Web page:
BalletHub: Thanks for joining us today on BalletHub Valentina! After an exciting international performing career spanning 22 years, it’s safe to say you have a lot of knowledge to pass on to the next generation of dancers. Did you always have the plan to open your own school and how did you come to the decision?
Yes, the training and personal experience as a lead dancer, where I worked with many different choreographers/coaches indicated that I must give all my knowledge to the new generation. There are many good teachers in the US, but not coaches.
I grew up with great teachers and fantastic personal coaches. In Russia, star dancers in general became coaches and they passed their knowledge about classical technique and artistry. This is my calling.
Having lived and danced in New York, was it an obvious choice to open your school there as well? Or were you considering other cities?
Do you teach the same style of technique and methods to your students that you learned while training at the Bolshoi Ballet Academy?
However, I respect the dance styles I learned after my defection, thus I incorporate Balanchine’s feet work in my classes, and I ensure that my student’s have an open mind when it comes to other works and styles.
What are your thoughts on students taking classes in other forms of dance, if nothing else, to strengthen their ballet technique and performing abilities?
At my conservatory, students have weekly contemporary technique classes, as well as perform contemporary works. These days, dancers must do it all, the classics, neoclassical work, contemporary works, so I make sure not to limit my dancers in any way.
They must understand contemporary, character, music, everything is a must.
Take one step of your life and career at a time and completely flourish and strive for each thing you attempt to succeed in… but most of all, stay grounded.
Along with running your own school, you also founded an international ballet competition! What was the spark that motivated you to start such an undertaking?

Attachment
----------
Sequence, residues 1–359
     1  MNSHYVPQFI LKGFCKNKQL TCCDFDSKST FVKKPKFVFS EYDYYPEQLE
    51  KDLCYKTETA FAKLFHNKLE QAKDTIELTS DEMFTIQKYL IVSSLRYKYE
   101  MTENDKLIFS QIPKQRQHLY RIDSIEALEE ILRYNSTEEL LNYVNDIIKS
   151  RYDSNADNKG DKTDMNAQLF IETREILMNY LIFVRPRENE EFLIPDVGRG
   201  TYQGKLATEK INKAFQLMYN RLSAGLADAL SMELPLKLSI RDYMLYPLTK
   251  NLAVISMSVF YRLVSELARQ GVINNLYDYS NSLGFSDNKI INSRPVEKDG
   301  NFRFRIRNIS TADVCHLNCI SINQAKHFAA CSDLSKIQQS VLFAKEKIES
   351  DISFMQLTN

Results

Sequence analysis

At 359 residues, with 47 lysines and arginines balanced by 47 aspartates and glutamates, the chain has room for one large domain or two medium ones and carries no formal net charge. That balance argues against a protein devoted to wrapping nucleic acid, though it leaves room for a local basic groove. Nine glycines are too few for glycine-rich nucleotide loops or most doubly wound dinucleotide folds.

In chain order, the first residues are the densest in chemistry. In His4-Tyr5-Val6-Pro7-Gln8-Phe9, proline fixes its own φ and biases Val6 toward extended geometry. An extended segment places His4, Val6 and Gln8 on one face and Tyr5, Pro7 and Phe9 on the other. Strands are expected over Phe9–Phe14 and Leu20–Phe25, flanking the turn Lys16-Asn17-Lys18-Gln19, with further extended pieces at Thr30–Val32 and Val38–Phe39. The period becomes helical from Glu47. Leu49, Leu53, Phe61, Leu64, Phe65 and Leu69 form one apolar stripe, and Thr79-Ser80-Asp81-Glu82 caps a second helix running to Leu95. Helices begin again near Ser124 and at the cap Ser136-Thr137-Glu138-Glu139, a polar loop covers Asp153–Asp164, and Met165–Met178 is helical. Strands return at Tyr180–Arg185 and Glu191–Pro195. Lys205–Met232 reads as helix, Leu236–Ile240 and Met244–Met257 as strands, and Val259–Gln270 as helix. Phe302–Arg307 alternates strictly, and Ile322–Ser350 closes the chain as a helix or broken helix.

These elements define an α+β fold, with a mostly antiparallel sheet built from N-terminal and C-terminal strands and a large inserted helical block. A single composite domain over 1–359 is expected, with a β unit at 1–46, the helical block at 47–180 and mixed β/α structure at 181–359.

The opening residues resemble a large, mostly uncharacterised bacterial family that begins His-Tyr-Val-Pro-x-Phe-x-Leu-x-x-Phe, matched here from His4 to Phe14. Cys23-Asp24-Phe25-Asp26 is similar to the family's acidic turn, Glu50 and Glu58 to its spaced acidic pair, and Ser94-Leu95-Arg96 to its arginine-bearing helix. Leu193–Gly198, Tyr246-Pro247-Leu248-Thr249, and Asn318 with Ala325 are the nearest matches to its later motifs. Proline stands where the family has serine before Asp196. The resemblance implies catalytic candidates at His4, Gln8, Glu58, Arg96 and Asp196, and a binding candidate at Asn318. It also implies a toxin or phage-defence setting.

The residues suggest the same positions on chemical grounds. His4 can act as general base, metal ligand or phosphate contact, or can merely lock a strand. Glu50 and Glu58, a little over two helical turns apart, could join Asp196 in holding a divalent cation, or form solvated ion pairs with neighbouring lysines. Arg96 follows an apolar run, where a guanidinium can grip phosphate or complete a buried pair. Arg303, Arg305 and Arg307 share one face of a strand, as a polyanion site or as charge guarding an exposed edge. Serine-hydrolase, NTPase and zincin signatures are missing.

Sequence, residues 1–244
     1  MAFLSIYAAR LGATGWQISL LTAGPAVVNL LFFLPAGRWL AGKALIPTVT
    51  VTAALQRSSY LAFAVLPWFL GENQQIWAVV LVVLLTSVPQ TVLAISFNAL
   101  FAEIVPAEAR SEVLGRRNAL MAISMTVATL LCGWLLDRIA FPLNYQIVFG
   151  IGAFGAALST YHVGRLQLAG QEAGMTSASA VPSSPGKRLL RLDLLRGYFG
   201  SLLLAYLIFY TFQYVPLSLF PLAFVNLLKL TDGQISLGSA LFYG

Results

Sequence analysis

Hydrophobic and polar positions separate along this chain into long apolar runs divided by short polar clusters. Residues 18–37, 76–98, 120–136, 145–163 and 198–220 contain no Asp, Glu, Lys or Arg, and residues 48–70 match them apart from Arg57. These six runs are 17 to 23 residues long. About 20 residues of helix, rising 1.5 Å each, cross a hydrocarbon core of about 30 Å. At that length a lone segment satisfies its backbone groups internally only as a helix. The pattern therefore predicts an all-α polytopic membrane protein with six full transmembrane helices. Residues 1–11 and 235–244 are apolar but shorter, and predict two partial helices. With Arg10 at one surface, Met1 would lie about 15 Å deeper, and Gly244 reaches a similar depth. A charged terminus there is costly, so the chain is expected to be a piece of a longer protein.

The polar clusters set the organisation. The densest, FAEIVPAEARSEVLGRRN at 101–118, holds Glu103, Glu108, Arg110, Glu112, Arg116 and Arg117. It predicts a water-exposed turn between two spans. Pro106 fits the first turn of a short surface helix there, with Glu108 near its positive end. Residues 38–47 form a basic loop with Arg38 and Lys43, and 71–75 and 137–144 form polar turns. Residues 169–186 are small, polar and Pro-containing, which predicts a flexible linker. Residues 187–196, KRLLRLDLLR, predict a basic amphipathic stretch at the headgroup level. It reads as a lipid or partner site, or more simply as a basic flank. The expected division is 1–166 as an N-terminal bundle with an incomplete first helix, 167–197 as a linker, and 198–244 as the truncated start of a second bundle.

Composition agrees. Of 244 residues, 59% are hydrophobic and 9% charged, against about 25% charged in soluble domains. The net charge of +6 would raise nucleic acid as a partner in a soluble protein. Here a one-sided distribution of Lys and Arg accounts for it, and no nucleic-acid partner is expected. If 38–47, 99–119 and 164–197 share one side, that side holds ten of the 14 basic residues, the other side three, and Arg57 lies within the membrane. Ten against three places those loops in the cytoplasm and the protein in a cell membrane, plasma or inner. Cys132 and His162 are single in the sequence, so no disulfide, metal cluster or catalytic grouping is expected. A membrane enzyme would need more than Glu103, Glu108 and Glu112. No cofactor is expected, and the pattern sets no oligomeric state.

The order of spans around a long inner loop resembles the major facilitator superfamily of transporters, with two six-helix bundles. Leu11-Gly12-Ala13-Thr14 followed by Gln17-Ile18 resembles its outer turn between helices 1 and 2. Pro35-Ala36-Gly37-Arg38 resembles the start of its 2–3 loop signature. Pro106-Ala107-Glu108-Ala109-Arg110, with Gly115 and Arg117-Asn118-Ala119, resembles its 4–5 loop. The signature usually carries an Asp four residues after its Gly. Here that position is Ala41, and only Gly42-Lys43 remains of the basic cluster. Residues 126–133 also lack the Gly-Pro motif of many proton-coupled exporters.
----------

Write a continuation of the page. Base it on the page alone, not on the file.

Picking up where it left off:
After many years of having my dancers compete in international competitions, doing very well I thought there was an opening to start a competition that can foster talent and ensure true art was being displayed.
Part of that is why I started my compulsory section of my competition, where all the dancers (by gender) learn the same piece via video. This portion of the competition shows how dancing in a company really is and I think it furthers dancers artistic instincts.
Your competition originally started in Boston and has since moved to New York. What prompted the move?
Boston was a great starting place; our relationship with Boston Ballet and Mikko Nissinen was extraordinary but NYC is my home and base, plus it is the center of dance and we wanted to take full of advantage of that culture and audience.
Do you feel that every competitor should enter a competition with the goal of winning a medal?
No, it’s about being exposed to the stage and improving your artistic and technical abilities. It is also a great way to get exposed and see what other talented people this world has to offer – it is an exchange of culture and of knowledge.
What advice can you share for dancers looking to compete for the first time?
To prepare well and take it as face value. Always go for the experience and dance clean. Medals don’t indicate how great you are. Your drive is.
Do you have any other projects in mind that you want to start or contribute to in the future?
Great dancers are not great because of their technique they are great because of their passion.
Right now VKIBC is having its first edition of Contemporary Dance and Choreography Competition. It will be here in NYC, at David Norton Symphony Space Theater in the Upper West Side, on April 28th and 29th, 2014. (2537 Broadway at 95th Street,) We have judges from Ailey, Juilliard, and many other elusive places and people.
Prizes will be absolute treasures and we already are having great interest abroad, so as we grow we can further artists of all forms.
If you could only say one word about what it takes to become a professional dancer, what would it be and why?
Passion. Great dancers are not great because of their technique they are great because of their passion.
What is your favorite role you’ve performed in a ballet?
Loved many, but Juliet stands out as my favorite – and Swan Lake, since it was my first full-length and I danced Odette/Odile most often during my career.
Your biography is truly packed, from dancing principal roles in major ballet companies and performing on Broadway to directing your own school and competition. What advice can you give students who aspire to have a successful professional career in ballet?
Take one step of your life and career at a time and completely flourish and strive for each thing you attempt to succeed in, while always remembering to honor your past and the people who helped you become and what you are; but most of all stay grounded.
Excellent advice! Thank you again for joining us today, Valentina, and sharing your wonderful insight with our readers.